Kasimdzhanov 1/2 – 1/2 Svidler

1.e4 g6 2.d4 Bg7 3.Nc3 d6 4.f4 Nf6 5.Nf3 0–0 6.Be3 b6 7.Qd2 Bb7 8.e5 Ng4 9.0–0–0 c5 10.dxc5 bxc5 [10…Qc8 11.cxd6 exd6 12.exd6 Bxc3 13.bxc3±; 10…Nxe3 11.Qxe3 bxc5 12.Bc4±] 11.Bxc5 Qa5 12.Ba3 dxe5 13.Nd5 Qxd2+ 14.Rxd2 Bxd5 15.Rxd5 Ne3 [15…Bh6=] 16.Rd2 Nc6 17.Bb5 Rfc8 18.Bxc6 Rxc6 19.Nxe5 Bxe5 20.fxe5 Nc4 21.Bxe7 [21.Rd3 Nxe5 22.Rd5 Re6 23.Rhd1] 21…Nxd2 22.Kxd2 Rb8 23.Kc1 Rc4 24.Bd6 ½–½

Svidler employed a seldom used line 6…b6. On move 10, Black played an unusual 10… bxc5. Even though there were some tense moments, the game ended with the least drama among the four games today. This is a solid and uneventful start for both of them.

Adams 1/2 – 1/2 Polgar

1.e4 c5 2.Nf3 e6 3.d4 cxd4 4.Nxd4 Nc6 5.Nc3 Qc7 6.Be3 a6 7.Bd3 b5 8.Nxc6 Qxc6 9.e5 Bb4 10.0–0 f5 [10…Bxc3 11.bxc3 Bb7 12.Qg4 Ne7 13.Bd4] 11.Be2 Bb7 12.Bh5+ g6 13.Bf3 Qc8 14.Bd2 Bxc3 15.Bxc3 Ne7 16.Bb4 Bxf3 17.Qxf3 Nd5 18.c3 Qc4 19.Rfd1 Qg4 20.Qd3 [20.Qxg4 fxg4 21.Bd6 h5 22.Rd4±] 20…Kf7 21.h3 Qf4 22.Qe2 [22.Bd6±] 22…Qc4 23.Qf3 a5 24.Bd6 [24.Rd4 Qc6 25.Bd6+-] 24…a4 25.Rd4 Qc6 26.Rad1 h6 27.R1d3± Kg7 28.Kh2 Rac8 29.Qg3 Kh7 30.Qh4 Rhg8 31.Rg3 g5 32.Qh5 Rg7 33.Qd1 Nf4 34.h4 Rh8 35.Kg1 Kg8 36.b3 axb3 37.axb3 Rhh7 38.h5 Rh8 39.Ba3 Kh7 40.Bc1 Nd5 41.c4 bxc4 42.bxc4 Nb6 43.Rd6 Qa4 44.Qxa4 Nxa4 45.Ra3 Nc5 46.Ra7 Rc8 47.Be3 f4 48.Bxc5 [Rxc5 49.Rdxd7 Rxd7 50.Rxd7+ Kg8 51.Re7 Rxe5 52.f3] ½–½

Once again, my sister did not have a very good game right out of the opening. However, she defended extremely well to hold off Mickey Adams throughout the entire game. Even though his position looked very good, he did not find a clear way to score a full point. I am puzzled to why he offered a draw on move 48. There was still some play left as White was still a little better.

Leko 1/2 – 1/2 Morozevich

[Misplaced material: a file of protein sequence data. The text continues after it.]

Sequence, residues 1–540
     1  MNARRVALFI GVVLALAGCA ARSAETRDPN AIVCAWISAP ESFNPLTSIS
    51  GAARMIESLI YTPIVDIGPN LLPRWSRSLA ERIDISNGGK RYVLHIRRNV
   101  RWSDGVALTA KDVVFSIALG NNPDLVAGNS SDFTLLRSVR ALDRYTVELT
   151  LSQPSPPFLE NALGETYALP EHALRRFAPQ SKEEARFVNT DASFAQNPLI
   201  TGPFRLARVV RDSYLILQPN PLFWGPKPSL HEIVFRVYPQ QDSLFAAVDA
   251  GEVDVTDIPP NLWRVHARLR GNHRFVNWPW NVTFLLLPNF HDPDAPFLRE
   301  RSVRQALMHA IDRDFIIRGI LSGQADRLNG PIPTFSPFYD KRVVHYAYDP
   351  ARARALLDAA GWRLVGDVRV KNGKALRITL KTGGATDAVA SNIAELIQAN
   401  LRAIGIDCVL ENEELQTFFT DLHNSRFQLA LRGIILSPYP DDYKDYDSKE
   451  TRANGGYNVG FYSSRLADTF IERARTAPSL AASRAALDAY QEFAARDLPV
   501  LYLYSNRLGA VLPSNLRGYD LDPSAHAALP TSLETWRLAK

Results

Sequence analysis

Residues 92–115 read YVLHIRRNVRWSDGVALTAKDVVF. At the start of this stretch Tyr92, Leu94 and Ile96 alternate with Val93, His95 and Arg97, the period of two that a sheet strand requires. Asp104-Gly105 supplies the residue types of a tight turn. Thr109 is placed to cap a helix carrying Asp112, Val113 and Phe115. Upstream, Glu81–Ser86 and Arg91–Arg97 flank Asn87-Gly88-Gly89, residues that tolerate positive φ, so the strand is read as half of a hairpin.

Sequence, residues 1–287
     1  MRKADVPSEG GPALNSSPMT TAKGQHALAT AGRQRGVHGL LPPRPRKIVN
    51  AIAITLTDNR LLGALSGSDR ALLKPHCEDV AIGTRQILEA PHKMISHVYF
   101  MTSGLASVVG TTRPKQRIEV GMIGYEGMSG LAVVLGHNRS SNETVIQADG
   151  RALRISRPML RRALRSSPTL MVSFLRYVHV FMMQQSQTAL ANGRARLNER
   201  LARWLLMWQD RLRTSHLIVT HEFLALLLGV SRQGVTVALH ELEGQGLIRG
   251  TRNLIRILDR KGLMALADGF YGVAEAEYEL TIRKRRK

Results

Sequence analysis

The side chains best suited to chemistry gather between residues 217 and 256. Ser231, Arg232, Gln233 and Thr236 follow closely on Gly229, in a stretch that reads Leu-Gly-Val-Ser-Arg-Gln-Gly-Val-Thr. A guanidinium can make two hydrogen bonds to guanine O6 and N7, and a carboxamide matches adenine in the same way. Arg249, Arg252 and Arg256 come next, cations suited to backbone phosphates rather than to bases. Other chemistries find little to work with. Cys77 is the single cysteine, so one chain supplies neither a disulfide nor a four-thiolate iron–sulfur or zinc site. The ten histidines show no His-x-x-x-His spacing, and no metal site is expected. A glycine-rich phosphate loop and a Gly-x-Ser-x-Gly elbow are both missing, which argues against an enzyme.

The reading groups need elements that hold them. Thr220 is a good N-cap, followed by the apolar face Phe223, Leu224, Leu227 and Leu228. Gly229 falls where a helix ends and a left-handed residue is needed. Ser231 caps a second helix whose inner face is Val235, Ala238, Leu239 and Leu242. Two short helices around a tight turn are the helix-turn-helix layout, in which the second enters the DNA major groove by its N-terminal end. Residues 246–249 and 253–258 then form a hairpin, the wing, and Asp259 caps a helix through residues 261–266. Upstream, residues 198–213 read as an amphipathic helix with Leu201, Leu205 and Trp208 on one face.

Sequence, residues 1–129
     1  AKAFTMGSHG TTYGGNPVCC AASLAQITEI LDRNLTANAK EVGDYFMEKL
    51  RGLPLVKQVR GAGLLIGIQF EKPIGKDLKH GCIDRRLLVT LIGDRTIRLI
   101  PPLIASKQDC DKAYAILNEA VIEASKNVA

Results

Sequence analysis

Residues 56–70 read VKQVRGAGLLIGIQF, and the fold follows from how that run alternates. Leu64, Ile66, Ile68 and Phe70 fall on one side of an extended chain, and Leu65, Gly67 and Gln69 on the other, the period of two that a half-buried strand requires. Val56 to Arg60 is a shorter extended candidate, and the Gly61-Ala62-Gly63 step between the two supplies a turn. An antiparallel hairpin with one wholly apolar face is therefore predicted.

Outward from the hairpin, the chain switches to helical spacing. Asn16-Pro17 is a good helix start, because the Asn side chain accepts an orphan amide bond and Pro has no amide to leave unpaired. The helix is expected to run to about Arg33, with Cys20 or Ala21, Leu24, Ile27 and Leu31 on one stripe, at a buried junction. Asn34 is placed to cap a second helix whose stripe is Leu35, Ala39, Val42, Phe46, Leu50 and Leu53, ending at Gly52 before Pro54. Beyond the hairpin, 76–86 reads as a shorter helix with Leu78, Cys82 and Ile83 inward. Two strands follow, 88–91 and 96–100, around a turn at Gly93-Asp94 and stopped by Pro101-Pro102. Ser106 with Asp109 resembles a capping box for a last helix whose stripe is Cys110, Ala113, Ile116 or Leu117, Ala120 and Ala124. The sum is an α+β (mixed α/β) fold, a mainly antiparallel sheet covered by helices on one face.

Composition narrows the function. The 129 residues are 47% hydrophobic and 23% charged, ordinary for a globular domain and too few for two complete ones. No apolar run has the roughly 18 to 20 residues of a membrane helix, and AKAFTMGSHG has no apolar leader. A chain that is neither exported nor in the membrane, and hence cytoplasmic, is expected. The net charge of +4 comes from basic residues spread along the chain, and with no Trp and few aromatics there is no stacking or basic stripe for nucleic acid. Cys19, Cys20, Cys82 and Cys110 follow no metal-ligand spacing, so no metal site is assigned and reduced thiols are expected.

1.e4 c5 2.Nf3 d6 3.d4 cxd4 4.Nxd4 Nf6 5.Nc3 a6 6.f3 e6 7.Be3 Be7 8.Qd2 0–0 9.g4 Nc6 10.0–0–0 Nd7 11.h4 Nde5 12.Qf2 Bd7 13.Kb1 Na5 [13…b5; 13…Qc7] 14.g5 Nec4 15.Bc1 b5 16.f4 b4 17.Nce2 Qb6 18.Rh2 d5 19.exd5 Bc5 [19…exd5 20.f5 Bd6 21.Nf4] 20.Qf3 [20.dxe6 Bxe6 21.f5 Na3+ 22.bxa3 bxa3+ 23.Ka1 Rab8] 20…Rad8 21.Nb3 Nxb3 22.axb3 Ne3 23.Bxe3 Bxe3 24.Rd3 Bc5 25.dxe6 Bxe6 26.Nc1 g6 27.Bh3 f5 28.gxf6 Bf7 29.f5 Bd4 30.fxg6 hxg6 31.Qg4 Bxf6 32.Re2 a5 33.Re4 Kg7 34.Qg3 Rh8 35.Bf5 Rh5 36.Rxd8 Qxd8 37.Be6 Bxh4 38.Qg2 Be8 39.Rg4 Re5 40.Bc4 Re1 41.Bd3 Qf6 42.Qd2 Qf2 43.Be2 Bf6 44.Rc4 Qg3 45.Rc7+ Qxc7 46.Qxe1 g5 47.Nd3 Bg6 48.Qg1 Qe7 49.Bg4 Qe4 50.Qg3 Bf7 51.Qh3 Bd5 52.Bf5 Qh4 [52…Qh1+ 53.Qxh1 Bxh1–+] 53.Qe3 Qd4 54.Qg3 Bf7 55.Qg2 Qd5 56.Be4 Qe6 57.Nc5 Qd6 58.Nd3 Be6 59.Qh1 Qd4 60.Qh7+ Kf8 61.Bf5 Bf7 62.Qh6+ Ke7 63.Qh2 Qd6 64.Qh7 Qb8 65.Bg4= Kf8 66.Qh6+ Ke7 67.Qh7 Kf8 68.Qh6+ Ke7 ½–½

This was a classic Sicilian game. White went all out on the Kingside while Black tried to counter attack on the Queenside. The game went back and forth and both players took chances to try to win. Neither player seemed to make any real bad move. Watching this game is like a two heavyweight boxers standing in the middle of the ring pounding on each other the entire 15 rounds. But at the final bell, the battle ended up as a hard fought draw.

Topalov 1/2 – 1/2 Anand

This is the game of the tournament so far. However, I am not going into so many details with this game. This is what a World Championship is all about. For those who were not fans of Topalov before, many have fully converted now. As I said before the round, Topalov has no understanding of the draw concept. He will go for the win in just about any position. Even after the sacrifice to give Topalov a Bishop pair versus a Rook and a Bishop, it did not seem that he had much. But Topalov kept on grinding. It was clear that Topalov was pushing for the win. Yes, both sides made a number of inaccuracies.

Some of the most glaring errors were:

60. Bd4? The winning move was 60. g5! Qe7 61. Qxe7 Bxe7 62. Bd4+ Kh7 63. Bxb2 Bxg5 64. Bg7 +-

75…Qf5+?? The simple draw would have been 75…Qg6+ and White cannot avoid losing the h6 pawn.

85. Qe5+? The winning move was 85.f5+ Kd5 [85…Qxf5 86.h7 Qd3+ 87.Kh4 Qe4+ 88.Qg4++-; 85…Kxf5 86.Qh7++-] 2.Qf7+ and White will win easily.

But this is what human chess is all about. Mistakes do happen. But no one can ever say that they did not fight. This is why these two are tied at the top of the rating chart. Thank you guys for an incredibly entertaining battle. You are true champions!
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Chess Daily News from Susan Polgar